CS Colloquium (BMAC)



Computer Science Department and the Electrical and Computer Engineering Department Colloquim
Gestalt vs. Constructivism: Designing Blind Cloud Storage in the Real Second

Speaker: Moti Yung, Security and Privacy Scientist, Snap Inc. and Adjunct Research Faculty, Columbia University

9:30 ~ 10:30AM, September 26, 2017

Where: Stadium 1204

Contact: Indrajit Ray (

Abstract: Design of a basic primitives involves specification, and then designing and implementing it. The foundations of systems approach, typically implies that the specification and design have to capture the primitive in its entirety (analogous to the abstract concept of Gestalt applied in art and science). Therefore the designer needs to capture all functions (correctness properties) and safe operation (security and privacy properties) based on the complete picture. In actuality, often one needs to retrofit a primitive into a live and existing system; this aspect captures the fact that systems are to be kept alive, the process of securing systems is ongoing, and engineering constraints exist in the real world while new functions need to be supported. As a result, in reality one has to design security primitives and understand them based on relations among existing and new components (analogous to the concept of Constructivism). In the classical body of knowledge of security the Gestalt approach and designing from the start dominate, and is strongly advocated, but in the reality of system building the opposite is true. The speaker will demonstrate the specification and the design of Snapchat's cloud memory which was introduced into the system with the main privacy goal of hiding the content from the server itself. This is an example of design in practice vs. design foundations. The existing component, the approach, and the novelty will be covered, and explained.

(Work done with Snap Inc. Security Group)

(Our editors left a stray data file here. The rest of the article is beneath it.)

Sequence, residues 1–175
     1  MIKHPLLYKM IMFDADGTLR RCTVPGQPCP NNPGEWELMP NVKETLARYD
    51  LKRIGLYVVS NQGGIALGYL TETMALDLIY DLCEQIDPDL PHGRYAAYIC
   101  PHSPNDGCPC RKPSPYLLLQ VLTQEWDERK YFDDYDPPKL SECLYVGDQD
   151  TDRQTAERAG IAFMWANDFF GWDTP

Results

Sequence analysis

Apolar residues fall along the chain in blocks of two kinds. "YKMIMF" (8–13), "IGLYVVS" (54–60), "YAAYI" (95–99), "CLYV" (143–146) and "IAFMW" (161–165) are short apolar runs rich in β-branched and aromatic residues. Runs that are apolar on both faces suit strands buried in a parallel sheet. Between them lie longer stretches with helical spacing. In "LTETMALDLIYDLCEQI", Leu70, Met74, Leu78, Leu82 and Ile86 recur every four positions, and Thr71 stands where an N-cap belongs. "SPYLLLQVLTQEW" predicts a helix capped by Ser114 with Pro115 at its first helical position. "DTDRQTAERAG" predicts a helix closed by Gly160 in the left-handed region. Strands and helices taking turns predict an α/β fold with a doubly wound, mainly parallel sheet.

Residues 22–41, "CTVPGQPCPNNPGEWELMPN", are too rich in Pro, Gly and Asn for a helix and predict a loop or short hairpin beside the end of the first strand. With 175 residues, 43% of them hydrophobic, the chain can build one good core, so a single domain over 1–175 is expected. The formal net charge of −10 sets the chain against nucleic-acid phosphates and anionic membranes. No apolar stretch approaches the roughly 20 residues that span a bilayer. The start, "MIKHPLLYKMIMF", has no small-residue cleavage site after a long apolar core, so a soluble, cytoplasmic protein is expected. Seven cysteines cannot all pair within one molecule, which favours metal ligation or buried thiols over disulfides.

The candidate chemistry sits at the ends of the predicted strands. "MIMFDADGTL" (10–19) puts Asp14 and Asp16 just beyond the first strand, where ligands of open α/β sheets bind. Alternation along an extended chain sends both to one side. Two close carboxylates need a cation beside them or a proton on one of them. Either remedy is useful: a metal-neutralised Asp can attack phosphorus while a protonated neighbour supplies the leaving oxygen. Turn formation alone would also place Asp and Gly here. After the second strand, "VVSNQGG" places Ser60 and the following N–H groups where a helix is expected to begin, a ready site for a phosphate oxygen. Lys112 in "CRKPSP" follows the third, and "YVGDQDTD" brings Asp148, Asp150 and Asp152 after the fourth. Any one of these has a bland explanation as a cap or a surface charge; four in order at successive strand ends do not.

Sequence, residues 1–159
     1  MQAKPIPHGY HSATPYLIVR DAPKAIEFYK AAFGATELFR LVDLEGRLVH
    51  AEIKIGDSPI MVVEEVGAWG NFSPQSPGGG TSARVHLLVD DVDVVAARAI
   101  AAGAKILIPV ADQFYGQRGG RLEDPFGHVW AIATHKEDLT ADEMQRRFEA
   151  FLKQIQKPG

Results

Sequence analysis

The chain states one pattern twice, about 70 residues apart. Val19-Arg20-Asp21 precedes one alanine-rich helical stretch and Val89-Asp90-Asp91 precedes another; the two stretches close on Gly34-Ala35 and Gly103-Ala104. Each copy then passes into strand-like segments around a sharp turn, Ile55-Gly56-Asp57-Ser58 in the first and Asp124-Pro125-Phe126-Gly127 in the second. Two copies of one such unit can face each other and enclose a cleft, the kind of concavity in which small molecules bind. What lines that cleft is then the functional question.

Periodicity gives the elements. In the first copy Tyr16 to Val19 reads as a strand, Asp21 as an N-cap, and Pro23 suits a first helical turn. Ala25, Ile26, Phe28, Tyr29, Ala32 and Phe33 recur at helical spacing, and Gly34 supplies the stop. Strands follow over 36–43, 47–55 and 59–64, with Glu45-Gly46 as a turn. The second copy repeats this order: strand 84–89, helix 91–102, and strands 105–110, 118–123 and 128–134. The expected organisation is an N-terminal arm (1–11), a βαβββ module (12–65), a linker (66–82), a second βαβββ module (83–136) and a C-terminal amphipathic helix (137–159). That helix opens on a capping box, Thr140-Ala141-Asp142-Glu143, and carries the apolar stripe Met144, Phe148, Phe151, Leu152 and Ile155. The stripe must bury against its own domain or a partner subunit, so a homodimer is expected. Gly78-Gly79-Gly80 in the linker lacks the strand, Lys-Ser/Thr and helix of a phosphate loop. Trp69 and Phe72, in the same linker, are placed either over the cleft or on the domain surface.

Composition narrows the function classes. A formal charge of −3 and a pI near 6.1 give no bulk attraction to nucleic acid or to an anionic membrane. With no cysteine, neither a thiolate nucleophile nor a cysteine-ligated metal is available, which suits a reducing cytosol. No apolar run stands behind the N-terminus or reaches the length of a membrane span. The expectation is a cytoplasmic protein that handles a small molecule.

Bio:Dr. Moti Yung is a computer scientist whose main interests are in cryptography, security, and privacy. He is currently with Snap Inc. Yung earned his Ph.D. from Columbia University in 1988. He worked at IBM Research, was a vice president and chief scientist at CertCo, and was director of Advanced Authentication Research at RSA Laboratories, and a research scientist with Google. He holds an adjunct faculty appointment at Columbia University where he co-advised several Ph.D. students over the years. He has served as consultant to leading companies and to open projects with various governments as well. Yung’s major interests are building strong useful foundations for the field based on practical needs and reality of systems, and, on the other hand, transforming theoretical ideas into practice. He has contributed extensively to numerous new cryptographic ideas, foundations, techniques, protocols, and systems, and to new central notions like encryption, signature, and protocols (one example is innovating the notion of public key cryptosystems secure against chosen-ciphertext attack -- currently a major requirement from public-key encryption operating on the Internet). He has also contributed to innovative security and privacy industrial constructions embedded in actual large scale systems and networks. Examples of the latter are IBM’s SNA network authentication, the Greek National Lottery system, the security and privacy aspects of Google’s global systems such as the Ad Exchange (ADX), Google private Ads attribution based on off line user activities, and Snapchat's cloud storage security). He also predicted innovations that were later adopted by business (like "social based authentication for account recovery"). Further, his interest in the subtlety of the notion of "trusted systems" has led to predicting what is known as ransomware, and predicting the crypto subversion attack vector: a deniable algorithm substitution attacks on cryptosystems (which was allegedly mounted within the deployed American Federal Information Processing Standard detailing the Dual_EC_DRBG). He is a fellow of the ACM, IEEE, IACR, and the European Assoc. for Theoretical Computer Science (EATCS), and a recipient of ACM's SIGSAC Outstanding Innovation Award.